Chevron said the deal to buy Anadarko, one of the biggest remaining U.S. independent producers, would give the combined company a 75-mile-wide corridor across the Permian’s Delaware basin as well as Anadarko’s Mozambique LNG project, part of one of the industry’s largest planned current investments.
Shares in Chevron, however, fell 4 percent in trading before the bell on Friday as investors weighed the cost of the deal, which includes taking on $15 billion of Anadarko’s debt.
“This seems a big bet on shale and on oil prices remaining high. That seems a big ask if you think that renewables are set to comprise an increasing bigger part of the energy mix,” said CMC Markets analyst Michael Hewson.
“It’s a risky bet for Chevron given that they and Exxon are lagging (European majors) when it comes to renewables.”
Shares in Anadarko surged 33 percent, reflecting the 39 percent premium offered by Chevron compared to Thursday’s closing market price. The $65 per share offer was structured as 75 percent stock and 25 percent cash.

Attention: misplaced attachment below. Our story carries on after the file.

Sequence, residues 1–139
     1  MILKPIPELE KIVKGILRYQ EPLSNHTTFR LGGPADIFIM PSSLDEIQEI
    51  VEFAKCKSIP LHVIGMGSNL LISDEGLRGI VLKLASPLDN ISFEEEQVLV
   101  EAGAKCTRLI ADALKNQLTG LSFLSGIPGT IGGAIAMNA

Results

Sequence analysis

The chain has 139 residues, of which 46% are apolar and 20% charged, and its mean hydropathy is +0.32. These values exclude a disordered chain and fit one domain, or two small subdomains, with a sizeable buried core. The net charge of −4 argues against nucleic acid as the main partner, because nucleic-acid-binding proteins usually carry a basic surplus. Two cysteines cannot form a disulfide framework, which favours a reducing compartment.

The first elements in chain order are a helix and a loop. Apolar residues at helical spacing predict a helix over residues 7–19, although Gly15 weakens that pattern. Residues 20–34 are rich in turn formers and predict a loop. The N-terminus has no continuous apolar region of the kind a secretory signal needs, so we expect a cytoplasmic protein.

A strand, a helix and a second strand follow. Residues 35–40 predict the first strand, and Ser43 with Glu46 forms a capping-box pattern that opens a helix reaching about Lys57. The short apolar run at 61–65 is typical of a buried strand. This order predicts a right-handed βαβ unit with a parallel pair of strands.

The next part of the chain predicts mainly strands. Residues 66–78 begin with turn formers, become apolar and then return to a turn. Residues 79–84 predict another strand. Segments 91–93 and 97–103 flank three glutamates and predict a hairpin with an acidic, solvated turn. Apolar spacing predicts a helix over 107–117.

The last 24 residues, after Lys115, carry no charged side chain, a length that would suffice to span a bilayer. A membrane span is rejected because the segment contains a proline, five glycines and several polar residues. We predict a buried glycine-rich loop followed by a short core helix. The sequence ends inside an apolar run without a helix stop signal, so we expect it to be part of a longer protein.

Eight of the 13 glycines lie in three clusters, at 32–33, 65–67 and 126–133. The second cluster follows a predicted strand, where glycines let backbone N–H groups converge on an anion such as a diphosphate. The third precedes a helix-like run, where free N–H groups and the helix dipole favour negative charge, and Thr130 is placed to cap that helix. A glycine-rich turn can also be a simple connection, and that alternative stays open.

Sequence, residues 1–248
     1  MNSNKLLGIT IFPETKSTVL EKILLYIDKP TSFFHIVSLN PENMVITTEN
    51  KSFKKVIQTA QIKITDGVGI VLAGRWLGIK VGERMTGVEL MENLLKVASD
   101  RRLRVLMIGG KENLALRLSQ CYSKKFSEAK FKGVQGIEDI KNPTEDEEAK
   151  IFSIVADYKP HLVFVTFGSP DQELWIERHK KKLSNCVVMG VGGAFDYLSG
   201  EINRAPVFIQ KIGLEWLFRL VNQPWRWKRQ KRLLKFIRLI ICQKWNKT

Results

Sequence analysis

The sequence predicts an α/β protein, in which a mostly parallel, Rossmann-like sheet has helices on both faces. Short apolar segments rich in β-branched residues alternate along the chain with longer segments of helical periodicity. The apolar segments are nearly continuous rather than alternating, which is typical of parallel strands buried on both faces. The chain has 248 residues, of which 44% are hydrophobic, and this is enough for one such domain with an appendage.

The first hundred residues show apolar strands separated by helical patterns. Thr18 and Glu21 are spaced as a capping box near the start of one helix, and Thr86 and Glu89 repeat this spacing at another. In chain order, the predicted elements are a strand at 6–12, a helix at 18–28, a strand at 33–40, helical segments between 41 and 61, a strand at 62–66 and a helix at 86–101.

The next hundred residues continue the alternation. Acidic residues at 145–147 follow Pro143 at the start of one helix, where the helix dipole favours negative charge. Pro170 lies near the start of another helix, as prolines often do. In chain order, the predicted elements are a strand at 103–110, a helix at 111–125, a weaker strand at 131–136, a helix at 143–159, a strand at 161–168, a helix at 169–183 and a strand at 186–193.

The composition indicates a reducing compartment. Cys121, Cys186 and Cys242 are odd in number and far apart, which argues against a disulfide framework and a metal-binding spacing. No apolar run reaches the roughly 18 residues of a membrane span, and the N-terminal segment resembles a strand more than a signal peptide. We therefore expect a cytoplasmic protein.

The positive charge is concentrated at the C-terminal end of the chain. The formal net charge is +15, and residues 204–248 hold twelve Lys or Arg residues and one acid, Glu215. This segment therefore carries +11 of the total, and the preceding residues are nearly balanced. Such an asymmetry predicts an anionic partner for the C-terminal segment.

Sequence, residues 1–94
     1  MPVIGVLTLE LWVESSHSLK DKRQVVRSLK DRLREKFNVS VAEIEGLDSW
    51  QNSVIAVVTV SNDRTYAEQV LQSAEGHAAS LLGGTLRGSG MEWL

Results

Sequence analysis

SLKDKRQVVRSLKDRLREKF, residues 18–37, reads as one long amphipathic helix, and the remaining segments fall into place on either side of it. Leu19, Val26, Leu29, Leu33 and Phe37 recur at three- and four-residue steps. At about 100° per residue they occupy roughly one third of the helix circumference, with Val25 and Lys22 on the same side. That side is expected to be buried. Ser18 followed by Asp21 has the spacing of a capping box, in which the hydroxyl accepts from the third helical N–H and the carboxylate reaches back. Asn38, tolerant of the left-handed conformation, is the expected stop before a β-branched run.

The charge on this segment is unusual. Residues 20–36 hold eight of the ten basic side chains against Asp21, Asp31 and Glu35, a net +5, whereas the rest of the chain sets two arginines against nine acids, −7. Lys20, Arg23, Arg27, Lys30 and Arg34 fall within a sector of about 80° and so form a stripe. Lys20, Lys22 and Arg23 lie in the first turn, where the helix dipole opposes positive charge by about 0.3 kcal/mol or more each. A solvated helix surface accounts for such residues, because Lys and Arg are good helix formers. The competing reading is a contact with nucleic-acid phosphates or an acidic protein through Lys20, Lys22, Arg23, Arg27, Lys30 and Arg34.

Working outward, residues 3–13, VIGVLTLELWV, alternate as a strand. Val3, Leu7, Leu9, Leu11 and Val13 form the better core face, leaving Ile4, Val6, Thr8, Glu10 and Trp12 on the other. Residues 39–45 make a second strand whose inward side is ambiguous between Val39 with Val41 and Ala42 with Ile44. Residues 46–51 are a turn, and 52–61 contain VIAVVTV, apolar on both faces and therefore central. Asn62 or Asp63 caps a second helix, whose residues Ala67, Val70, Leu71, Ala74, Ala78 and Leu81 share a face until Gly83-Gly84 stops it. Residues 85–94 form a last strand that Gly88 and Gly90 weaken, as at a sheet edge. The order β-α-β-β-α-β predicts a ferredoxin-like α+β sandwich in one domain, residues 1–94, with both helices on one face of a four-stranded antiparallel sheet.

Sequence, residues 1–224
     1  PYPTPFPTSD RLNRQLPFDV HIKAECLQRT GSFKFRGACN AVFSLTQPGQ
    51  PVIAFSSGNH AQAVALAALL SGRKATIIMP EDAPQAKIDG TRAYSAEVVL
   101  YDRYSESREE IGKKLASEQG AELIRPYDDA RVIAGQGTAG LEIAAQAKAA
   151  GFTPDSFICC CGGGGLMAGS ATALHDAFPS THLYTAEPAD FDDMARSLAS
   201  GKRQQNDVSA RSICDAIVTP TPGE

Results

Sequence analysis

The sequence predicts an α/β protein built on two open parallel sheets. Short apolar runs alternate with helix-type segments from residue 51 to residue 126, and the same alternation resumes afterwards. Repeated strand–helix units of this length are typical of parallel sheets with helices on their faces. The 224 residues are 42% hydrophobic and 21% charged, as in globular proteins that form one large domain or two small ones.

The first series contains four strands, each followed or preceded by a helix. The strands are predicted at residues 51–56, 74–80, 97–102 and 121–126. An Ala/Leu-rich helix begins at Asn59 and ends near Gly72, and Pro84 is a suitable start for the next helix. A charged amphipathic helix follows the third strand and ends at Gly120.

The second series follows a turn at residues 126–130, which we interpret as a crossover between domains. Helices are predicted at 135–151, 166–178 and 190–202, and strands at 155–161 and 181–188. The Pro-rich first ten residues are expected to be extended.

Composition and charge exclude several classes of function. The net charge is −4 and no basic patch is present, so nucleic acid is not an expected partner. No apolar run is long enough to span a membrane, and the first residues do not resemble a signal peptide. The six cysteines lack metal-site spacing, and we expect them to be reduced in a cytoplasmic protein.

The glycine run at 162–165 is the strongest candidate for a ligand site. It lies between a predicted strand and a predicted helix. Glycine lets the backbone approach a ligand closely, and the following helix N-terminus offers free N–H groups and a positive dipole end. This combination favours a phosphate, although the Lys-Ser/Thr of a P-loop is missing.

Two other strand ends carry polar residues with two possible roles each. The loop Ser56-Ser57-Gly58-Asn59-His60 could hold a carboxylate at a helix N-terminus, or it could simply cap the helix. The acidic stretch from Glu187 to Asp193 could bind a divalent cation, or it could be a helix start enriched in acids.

Producers in the Permian basin pump around 4 million barrels per day (mbd) and IHS Markit expects it to hit 5.4 mbd in 2023, more than the total production of any OPEC country other than Saudi Arabia.
Last month, Chevron said it expects shale production from the basin to reach 600,000 barrels per day (bpd) by the end of next year.
The company said the deal would add to its free cash flow and profit one year after closing, if Brent crude, currently around $70, holds above $60 per barrel.
Chevron also plans to raise annual share buybacks to $5 billion from $4 billion when the deal closes and to sell $15 billion to $20 billion of assets between 2020 and 2022.
The enterprise value of deal is $50 billion.
Credit Suisse Securities (USA) LLC is Chevron’s financial adviser, while Paul, Weiss, Rifkind, Wharton & Garrison LLP is its legal adviser.
Evercore and Goldman Sachs are financial advisers to Anadarko, while Wachtell, Lipton, Rosen & Katz and Vinson & Elkins LLP are its legal advisers.